Of course, this has also upset some domestic solar module manufacturers, who have long been a major force in pushing the U.S. government to erect stricter barriers to imports. According to U.S. media reports, formation manufacturing accounts for only a small portion of the U.S. solar industry, with most efforts focused on project development, installation and construction, and proposed legislation to encourage the development of domestic U.S. solar manufacturing is currently stalled in the U.S. Congress.

The Biden administration has said it will help promote the manufacture of solar modules in the U.S. On the 6th, White House officials announced that Biden will sign a series of executive orders to enhance the development of low-emission energy technologies in the United States. This will make it easier for U.S. domestic suppliers to sell solar systems to the federal government. Biden will authorize the U.S. Department of Energy to use the Defense Production Act to “rapidly expand U.S. manufacturing in solar panel components, building insulation, heat pumps, grid infrastructure and fuel cells.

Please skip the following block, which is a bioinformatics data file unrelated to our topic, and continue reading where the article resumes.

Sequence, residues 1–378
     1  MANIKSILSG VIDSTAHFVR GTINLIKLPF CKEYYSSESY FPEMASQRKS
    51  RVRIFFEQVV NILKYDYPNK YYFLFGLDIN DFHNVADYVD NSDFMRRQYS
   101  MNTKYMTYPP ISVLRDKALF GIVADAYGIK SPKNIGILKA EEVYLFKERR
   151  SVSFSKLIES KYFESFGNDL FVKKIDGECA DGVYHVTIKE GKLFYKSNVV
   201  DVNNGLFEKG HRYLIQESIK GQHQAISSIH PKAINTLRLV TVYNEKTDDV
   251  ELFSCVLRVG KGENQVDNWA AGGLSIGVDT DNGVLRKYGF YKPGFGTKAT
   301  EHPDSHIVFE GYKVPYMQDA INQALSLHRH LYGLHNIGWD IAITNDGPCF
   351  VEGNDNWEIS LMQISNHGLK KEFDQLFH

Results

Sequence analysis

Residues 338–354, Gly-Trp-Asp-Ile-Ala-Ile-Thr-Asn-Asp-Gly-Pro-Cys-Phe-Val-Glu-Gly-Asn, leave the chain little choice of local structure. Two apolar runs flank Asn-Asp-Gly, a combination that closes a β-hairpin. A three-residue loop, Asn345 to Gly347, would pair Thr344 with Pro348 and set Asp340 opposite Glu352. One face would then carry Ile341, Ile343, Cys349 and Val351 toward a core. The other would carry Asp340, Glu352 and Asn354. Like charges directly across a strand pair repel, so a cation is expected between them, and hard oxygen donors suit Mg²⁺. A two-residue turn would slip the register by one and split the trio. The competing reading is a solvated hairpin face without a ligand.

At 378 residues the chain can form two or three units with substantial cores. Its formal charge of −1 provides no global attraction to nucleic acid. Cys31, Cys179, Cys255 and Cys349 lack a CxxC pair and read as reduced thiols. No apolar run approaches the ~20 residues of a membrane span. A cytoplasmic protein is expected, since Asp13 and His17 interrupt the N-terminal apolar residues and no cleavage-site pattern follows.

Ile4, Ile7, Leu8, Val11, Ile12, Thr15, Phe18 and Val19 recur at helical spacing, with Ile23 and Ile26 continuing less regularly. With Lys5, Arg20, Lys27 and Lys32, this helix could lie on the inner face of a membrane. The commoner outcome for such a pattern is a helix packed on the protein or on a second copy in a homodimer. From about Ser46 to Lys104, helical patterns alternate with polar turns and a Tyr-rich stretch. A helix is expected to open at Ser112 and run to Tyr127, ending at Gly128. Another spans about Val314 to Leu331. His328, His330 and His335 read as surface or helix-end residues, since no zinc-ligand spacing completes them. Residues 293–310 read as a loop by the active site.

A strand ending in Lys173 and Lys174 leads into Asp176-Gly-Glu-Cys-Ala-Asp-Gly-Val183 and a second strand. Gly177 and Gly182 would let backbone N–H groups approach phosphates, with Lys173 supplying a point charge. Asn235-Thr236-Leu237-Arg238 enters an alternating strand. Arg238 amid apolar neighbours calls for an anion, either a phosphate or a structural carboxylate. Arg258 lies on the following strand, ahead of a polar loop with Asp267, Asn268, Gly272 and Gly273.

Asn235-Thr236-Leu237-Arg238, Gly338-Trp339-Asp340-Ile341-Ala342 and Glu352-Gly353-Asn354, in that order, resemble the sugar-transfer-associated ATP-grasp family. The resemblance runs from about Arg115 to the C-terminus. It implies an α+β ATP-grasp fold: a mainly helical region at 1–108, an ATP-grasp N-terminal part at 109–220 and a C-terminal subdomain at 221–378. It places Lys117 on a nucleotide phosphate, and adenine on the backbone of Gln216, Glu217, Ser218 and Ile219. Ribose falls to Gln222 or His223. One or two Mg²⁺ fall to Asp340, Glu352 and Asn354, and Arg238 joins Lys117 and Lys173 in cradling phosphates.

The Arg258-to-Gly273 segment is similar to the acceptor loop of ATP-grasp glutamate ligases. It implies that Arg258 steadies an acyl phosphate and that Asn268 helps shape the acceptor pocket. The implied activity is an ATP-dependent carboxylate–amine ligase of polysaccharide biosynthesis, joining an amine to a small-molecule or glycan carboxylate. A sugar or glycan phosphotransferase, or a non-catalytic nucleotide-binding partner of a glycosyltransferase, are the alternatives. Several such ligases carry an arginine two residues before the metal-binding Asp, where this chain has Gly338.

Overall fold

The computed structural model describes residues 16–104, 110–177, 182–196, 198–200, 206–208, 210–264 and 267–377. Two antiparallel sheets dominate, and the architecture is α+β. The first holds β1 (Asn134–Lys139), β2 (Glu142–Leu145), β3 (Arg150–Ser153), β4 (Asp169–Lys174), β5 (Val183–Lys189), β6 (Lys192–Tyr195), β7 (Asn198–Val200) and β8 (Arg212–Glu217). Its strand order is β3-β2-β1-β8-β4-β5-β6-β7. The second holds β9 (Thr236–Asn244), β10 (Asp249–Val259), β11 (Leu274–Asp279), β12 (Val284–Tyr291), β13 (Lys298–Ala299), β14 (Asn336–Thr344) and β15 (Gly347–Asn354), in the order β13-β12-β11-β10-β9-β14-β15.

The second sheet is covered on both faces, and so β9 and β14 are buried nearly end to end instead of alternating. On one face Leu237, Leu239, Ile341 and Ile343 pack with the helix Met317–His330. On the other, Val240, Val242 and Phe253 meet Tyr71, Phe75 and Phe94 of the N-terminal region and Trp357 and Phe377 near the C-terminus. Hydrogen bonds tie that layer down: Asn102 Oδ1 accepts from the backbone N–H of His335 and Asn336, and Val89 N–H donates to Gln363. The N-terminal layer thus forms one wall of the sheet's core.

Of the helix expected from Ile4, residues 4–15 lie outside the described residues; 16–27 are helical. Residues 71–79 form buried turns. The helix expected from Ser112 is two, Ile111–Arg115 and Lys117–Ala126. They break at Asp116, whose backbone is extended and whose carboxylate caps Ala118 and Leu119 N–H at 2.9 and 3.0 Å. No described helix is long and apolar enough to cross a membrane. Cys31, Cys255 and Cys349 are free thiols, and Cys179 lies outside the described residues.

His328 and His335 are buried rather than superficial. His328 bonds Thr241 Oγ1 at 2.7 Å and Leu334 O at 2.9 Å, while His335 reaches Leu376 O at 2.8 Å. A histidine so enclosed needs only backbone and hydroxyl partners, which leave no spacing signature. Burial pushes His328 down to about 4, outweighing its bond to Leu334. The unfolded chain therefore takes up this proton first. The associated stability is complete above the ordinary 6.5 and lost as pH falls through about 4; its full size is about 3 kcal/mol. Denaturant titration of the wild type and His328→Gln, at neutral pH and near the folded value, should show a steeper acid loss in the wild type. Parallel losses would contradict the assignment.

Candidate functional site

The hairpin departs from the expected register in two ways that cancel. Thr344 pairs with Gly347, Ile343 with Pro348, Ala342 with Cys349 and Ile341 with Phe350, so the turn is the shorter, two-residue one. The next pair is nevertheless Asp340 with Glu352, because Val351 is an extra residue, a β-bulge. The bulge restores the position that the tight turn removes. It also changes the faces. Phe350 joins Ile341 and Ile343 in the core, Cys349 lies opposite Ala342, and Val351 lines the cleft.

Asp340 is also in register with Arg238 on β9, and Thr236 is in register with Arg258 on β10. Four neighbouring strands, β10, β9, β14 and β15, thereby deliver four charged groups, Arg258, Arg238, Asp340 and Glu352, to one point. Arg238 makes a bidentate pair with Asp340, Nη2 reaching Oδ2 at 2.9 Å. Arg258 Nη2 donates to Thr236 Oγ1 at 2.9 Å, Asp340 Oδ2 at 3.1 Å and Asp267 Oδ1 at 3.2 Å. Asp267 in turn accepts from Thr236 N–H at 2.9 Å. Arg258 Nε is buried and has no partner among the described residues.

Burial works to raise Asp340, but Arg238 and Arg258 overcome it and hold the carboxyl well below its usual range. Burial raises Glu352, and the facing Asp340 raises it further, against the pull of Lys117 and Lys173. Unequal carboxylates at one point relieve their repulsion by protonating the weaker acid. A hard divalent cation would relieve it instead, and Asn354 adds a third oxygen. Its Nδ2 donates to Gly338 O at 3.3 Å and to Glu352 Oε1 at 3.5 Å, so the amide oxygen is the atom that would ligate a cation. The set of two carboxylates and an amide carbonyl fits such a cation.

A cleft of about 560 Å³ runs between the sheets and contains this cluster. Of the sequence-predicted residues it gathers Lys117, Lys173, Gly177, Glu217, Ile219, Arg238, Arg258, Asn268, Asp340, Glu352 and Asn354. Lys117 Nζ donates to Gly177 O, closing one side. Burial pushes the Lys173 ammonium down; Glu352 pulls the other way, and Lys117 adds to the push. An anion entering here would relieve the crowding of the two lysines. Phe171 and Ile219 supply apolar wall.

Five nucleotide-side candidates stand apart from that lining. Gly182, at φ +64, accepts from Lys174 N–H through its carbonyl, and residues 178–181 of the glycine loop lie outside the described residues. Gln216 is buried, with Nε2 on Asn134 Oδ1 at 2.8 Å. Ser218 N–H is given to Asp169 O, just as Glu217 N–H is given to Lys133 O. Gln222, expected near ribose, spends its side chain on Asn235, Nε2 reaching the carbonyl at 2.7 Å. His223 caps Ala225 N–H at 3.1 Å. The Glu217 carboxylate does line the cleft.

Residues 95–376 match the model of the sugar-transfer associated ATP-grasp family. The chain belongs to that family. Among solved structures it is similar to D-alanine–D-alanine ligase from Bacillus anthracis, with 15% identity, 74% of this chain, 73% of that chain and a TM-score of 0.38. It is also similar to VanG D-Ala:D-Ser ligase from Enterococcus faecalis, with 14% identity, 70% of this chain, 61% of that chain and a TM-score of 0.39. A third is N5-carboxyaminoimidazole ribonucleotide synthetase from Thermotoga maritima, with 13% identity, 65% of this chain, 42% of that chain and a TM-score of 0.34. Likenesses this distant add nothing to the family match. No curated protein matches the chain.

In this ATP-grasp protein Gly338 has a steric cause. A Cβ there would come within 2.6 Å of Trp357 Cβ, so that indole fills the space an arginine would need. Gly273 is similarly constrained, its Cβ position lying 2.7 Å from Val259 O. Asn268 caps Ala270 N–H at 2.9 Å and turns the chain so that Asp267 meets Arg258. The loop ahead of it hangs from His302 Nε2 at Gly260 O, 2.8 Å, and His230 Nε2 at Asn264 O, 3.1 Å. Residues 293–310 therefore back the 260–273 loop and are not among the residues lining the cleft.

Hopper said, “During the two-year window of tariff suspension, the U.S. solar industry can resume rapid deployment while the Defense Production Act helps grow U.S. solar manufacturing.”

However, Lisa Wang, assistant secretary of commerce for enforcement and compliance, said in a statement that the Biden administration’s statement does not preclude it from continuing its investigation and that any potential tariffs resulting from the final findings will take effect at the end of the 24-month tariff suspension period.

U.S. Commerce Secretary Gina Rimondo said in a press release, “President Biden’s emergency announcement ensures that American families have access to reliable and clean electricity, while also ensuring that we have the ability to hold our trading partners accountable for their commitments.”

Post time: Aug-22-2022